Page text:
Fasting. Intentionally going without food for long periods of time. That’s always been a difficult concept for me. Lots of people in this world go without food because they don’t have any. Why would I do that to myself on purpose?
In http://marccortez.com/addicted-to-tramadol/, Rob Moll argues that neuroscience can help us understand why spiritual disciplines like fasting are so important. It’s not just about giving up food (or other things) for a time. It’s about engaging in practices that can help shape us into being who we are called to be.
He begins by pointing out that many Christians today struggle with the spiritual disciplines because we shy away from anything that looks like self-denial. We’ll fast for a cause–e.g., solidarity with the poor–but we avoid fasting for other reasons. “But as we relearn to fast, we should remember that these disciplines are very much about us and our own personal faith.”
But why? What is the relationship between fasting and my “own personal faith”? Moll argues that neuroscience gives us some insight into this question:
Neuroscience sheds light on how fasting and other spiritual disciplines work by training our subconscious mental processes. We think of ourselves as entirely the activity of our conscious thoughts. In reality, our brain has thousands of sub-conscious processes going on all the time. These processes are often pushing and pulling different ideas, concerns, or cravings into our consciousness. What this means is your conscious self is far less in control over who you are and what you do than you realize.
So fasting and other disciplines serve to “train and shape these processes, giving us the ability to exert control over other desires.” They are not simply methods that we use to remind ourselves of deeper truths, as though spiritual disciplines were primarily cognitive acts, but they “shape us in deep ways.”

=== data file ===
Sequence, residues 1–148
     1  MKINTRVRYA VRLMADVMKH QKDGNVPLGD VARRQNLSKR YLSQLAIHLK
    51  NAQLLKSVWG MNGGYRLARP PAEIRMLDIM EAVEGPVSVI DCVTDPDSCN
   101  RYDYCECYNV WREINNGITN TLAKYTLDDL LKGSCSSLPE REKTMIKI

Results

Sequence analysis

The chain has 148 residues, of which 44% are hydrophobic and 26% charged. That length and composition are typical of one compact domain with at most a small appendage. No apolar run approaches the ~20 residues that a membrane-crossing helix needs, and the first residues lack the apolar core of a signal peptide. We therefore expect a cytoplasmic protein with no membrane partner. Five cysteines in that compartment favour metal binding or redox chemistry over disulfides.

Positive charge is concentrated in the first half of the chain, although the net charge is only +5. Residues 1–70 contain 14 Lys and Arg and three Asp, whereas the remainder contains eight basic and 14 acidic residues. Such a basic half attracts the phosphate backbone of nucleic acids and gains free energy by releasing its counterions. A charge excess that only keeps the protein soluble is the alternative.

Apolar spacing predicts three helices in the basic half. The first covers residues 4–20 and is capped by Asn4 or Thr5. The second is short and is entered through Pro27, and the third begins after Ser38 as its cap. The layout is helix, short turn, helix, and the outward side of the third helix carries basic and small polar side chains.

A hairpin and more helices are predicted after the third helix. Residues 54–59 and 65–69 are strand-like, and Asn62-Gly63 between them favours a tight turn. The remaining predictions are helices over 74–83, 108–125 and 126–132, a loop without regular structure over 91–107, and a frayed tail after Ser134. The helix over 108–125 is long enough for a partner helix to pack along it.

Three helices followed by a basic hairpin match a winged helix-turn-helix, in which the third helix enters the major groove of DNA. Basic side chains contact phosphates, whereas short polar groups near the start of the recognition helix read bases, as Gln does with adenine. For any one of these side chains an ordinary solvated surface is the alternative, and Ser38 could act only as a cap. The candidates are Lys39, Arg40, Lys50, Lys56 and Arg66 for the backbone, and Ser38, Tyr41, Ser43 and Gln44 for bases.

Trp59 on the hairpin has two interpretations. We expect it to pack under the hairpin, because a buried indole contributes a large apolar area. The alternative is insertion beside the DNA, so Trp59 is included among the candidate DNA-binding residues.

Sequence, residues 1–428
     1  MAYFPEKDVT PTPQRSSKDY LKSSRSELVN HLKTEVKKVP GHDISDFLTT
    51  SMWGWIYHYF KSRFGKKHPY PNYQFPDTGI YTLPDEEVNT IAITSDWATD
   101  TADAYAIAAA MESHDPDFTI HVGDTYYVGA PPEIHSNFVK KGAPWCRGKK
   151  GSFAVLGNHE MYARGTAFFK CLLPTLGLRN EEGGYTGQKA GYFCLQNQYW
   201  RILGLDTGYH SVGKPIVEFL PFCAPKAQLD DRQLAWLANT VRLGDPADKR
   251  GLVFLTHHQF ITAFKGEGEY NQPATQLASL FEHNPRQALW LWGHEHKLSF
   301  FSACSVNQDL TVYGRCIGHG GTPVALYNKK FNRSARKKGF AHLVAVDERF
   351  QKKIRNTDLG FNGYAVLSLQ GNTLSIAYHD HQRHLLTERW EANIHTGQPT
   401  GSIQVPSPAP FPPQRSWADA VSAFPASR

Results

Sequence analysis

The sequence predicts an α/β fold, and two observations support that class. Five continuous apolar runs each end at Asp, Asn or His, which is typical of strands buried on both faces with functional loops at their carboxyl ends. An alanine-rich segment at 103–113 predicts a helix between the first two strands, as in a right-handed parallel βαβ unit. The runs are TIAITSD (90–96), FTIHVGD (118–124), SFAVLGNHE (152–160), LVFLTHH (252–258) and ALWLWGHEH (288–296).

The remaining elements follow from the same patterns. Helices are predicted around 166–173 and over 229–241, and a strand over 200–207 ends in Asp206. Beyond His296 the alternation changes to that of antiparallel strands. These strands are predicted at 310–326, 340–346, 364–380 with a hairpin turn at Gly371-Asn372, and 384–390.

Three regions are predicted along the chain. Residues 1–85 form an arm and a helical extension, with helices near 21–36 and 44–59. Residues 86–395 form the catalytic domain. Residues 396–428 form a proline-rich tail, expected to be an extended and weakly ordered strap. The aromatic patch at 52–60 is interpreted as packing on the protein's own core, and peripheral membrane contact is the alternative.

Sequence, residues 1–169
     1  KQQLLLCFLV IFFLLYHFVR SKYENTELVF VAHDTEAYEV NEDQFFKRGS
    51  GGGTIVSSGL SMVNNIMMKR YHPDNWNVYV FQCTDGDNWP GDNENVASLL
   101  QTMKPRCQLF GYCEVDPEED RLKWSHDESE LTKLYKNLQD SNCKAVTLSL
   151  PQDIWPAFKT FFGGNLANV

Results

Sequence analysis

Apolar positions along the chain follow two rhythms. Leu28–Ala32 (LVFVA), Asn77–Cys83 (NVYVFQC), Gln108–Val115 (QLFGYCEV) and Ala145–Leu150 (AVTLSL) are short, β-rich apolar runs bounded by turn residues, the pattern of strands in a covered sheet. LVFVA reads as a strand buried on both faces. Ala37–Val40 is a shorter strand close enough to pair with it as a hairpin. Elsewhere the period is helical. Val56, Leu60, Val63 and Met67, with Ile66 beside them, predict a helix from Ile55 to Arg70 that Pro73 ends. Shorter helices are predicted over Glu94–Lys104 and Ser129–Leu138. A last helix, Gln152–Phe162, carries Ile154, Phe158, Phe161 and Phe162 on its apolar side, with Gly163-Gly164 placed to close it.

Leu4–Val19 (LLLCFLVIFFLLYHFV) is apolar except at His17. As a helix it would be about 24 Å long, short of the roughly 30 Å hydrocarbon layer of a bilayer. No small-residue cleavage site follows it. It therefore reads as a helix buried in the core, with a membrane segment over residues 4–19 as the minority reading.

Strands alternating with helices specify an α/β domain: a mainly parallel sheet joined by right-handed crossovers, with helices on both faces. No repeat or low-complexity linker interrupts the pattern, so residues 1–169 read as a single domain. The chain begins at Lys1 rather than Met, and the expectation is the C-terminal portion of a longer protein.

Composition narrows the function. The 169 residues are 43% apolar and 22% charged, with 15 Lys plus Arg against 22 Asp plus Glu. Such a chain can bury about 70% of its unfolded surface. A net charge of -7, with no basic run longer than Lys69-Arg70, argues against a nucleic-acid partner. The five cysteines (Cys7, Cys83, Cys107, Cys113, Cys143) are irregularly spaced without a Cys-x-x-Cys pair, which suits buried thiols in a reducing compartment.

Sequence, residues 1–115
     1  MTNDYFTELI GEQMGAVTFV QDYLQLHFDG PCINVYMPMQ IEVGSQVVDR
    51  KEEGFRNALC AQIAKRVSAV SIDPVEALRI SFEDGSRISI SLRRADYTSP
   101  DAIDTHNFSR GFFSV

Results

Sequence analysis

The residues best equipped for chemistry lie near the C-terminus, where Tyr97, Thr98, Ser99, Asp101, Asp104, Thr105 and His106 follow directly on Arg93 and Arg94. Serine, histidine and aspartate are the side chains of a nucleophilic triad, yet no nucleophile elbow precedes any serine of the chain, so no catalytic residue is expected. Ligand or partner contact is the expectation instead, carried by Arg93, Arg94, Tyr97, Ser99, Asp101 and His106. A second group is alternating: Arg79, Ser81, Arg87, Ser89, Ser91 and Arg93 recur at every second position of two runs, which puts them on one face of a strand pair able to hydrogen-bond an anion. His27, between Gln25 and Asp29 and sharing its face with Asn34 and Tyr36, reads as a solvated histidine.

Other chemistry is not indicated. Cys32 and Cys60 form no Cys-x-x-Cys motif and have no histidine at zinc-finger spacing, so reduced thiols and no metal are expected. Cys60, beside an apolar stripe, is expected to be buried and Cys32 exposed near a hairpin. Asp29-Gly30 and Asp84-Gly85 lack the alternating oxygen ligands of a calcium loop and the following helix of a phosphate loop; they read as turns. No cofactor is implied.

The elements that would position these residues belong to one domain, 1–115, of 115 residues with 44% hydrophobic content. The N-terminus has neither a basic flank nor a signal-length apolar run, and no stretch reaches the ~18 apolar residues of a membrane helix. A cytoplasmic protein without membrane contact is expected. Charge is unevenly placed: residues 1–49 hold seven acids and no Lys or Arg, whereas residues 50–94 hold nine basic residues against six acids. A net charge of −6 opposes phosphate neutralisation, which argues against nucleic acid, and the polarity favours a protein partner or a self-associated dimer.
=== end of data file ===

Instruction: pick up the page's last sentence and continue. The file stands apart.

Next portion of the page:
This subconscious self is not wholly controllable. It can be trained and shaped. Fasting and other spiritual disciplines train these processes, shape them, and thereby shape us into spiritual people….We slowly become people who are less drive by temporary cravings.
And he concludes, “a habit of denial strengthens our ability to take up the cross as even our very bodies are molded into the likeness of Christ.”
Although I appreciate much of Moll’s argument, I would have liked to hear a more about the relationship between the spiritual disciplines, the Gospel, grace, and faith. I completely agree that we are “embodied” beings and that all of our actions affect our bodies in ways that guide future actions and shape who we are as people. So I appreciate his emphasis on the embodied nature of the disciplines, reminding us that they are not purely “spiritual” actions. But read by itself, this article could leave the impression that we should view the spiritual disciplines in almost mechanical terms: Cause A (fasting) produces Effect B (spiritual growth) resulting in Goal C (spiritual maturity). This borders on the kind of merely ritualistic approach to the Christian life that is always a temptation for Christians. (I say “merely” here because I actually affirm the importance of rituals rightly understood.) If we’re not careful, we can shape ourselves into the kinds of people who do all of the right things in all of the right ways but who lack a deeper understanding of God’s grace, the transformative power of the Spirit, and the Gospel.
By the way, I’m sure Moll would agree with this. His article only looked at the neuroscience of the disciplines, and he wasn’t trying to offer a full theology of the role of spiritual disciplines in the life of the believer. I just think it’s always good to remind ourselves that as powerful as “discipline” and “ritual” can be for Christians, we need to make sure that we always talk about them as flowing form the power of the gospel lest they become a mechanism for replacing the gospel.